Banda Aceh bans New Year’s Eve celebration, says hotels that violate policy may be shuttered

Photo: Pixabay
Photo: Pixabay

It has become an end-of-year tradition for some conservatives in Indonesia to make headlines for their anti-Christmas and/or New Year’s Eve policies, such as the banning of Muslims from wearing Christmas fashion accessories and the threat of raids against those who do by certain hardline groups. This year, as one might expect, one such policy came from Banda Aceh, the capital city of the Aceh province — the only region with special autonomy to enact sharia-based laws in Indonesia.

As reported by Detik yesterday, the Banda Aceh city administration recently issued a circular announcing its ban of NYE celebrations in the capital, including parties, fireworks, and the blowing of horns in order to uphold Islamic sharia values and to “strengthen the unity and harmony of religious peoples and to uphold peace, safety and order”.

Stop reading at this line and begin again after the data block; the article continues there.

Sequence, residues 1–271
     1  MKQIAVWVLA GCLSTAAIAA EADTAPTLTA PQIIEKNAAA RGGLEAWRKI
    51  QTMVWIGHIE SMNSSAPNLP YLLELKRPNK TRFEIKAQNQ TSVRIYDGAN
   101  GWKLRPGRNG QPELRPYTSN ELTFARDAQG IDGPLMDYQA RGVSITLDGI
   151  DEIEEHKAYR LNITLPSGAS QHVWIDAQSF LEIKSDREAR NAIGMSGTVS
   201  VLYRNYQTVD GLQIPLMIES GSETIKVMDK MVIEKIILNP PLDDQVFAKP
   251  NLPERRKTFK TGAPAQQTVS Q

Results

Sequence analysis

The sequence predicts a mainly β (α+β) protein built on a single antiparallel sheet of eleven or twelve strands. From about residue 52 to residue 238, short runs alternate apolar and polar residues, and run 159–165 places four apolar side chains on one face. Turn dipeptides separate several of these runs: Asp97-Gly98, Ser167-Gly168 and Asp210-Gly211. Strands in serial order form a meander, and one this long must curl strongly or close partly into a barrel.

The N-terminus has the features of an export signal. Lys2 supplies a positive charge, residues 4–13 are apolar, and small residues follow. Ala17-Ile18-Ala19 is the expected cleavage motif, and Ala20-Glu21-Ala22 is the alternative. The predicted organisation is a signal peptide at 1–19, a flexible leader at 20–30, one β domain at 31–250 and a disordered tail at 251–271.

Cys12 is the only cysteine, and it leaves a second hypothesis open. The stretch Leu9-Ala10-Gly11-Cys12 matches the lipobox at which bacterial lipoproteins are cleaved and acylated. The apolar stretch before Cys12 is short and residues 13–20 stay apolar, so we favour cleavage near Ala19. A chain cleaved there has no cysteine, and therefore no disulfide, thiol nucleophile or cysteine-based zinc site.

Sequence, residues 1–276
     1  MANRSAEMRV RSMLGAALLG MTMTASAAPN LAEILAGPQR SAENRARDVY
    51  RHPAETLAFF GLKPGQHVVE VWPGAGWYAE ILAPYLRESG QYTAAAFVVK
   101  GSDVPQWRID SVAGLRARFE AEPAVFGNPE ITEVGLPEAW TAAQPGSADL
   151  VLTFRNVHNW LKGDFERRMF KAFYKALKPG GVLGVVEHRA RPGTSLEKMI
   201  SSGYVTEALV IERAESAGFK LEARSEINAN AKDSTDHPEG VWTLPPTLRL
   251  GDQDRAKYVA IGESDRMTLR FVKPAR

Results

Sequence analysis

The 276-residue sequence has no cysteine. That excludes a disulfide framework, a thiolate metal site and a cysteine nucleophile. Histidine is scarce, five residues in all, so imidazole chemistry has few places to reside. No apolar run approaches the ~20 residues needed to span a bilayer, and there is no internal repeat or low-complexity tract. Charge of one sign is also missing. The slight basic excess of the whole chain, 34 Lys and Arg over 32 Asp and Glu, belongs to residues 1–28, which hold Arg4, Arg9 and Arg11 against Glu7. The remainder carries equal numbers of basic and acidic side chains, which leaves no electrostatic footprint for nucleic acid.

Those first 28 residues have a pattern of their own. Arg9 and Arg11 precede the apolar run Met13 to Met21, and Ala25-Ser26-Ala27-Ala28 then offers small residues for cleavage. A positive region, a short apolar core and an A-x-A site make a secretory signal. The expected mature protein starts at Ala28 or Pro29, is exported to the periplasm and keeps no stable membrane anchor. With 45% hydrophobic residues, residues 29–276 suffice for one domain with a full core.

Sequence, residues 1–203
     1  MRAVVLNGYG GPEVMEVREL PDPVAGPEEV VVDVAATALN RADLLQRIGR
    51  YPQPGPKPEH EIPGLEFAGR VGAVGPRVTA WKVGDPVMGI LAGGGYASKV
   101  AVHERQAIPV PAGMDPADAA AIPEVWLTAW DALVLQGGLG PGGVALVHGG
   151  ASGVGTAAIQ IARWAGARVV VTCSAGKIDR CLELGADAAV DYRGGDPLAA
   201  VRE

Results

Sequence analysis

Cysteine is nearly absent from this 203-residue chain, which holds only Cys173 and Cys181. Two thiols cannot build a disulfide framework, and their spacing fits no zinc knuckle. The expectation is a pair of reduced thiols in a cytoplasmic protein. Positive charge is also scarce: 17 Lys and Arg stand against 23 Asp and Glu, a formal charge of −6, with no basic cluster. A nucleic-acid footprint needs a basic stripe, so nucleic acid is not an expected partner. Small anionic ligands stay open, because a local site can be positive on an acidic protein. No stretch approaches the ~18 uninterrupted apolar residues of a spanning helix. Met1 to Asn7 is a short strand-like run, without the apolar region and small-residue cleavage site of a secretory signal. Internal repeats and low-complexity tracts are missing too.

Speaking to reporters yesterday, Banda Aceh Mayor Aminullah Usman said the NYE party ban also applies to hotels in the capital, with violators potentially facing serious consequences.

“There, no exception, all hotels are prohibited from holding events of any kind to celebrate the new year. If any hotel is caught doing so, God willing we will revoke their [business] permit,” he said.

Aminullah added that the city administration was successful in banning NYE celebrations in the capital last year, but says that they will be even more vigilant in enforcing the policy this year.

One hotel manager told Detik that some guests complained that there was no NYE celebration at the hotel last year, but they accepted after being told it was a regional government policy.

“[Tourists] will eventually know that New Year’s Eve in Banda Aceh is like this,” he said.

Aceh officials have regularly introduced unique religious-based policies over the years, such as the recent banning of Wi-Fi at coffee shops in a village so kids don’t get distracted from reading the Quran and a regency prohibiting cafés from serving women after 9 pm or without male guardians.


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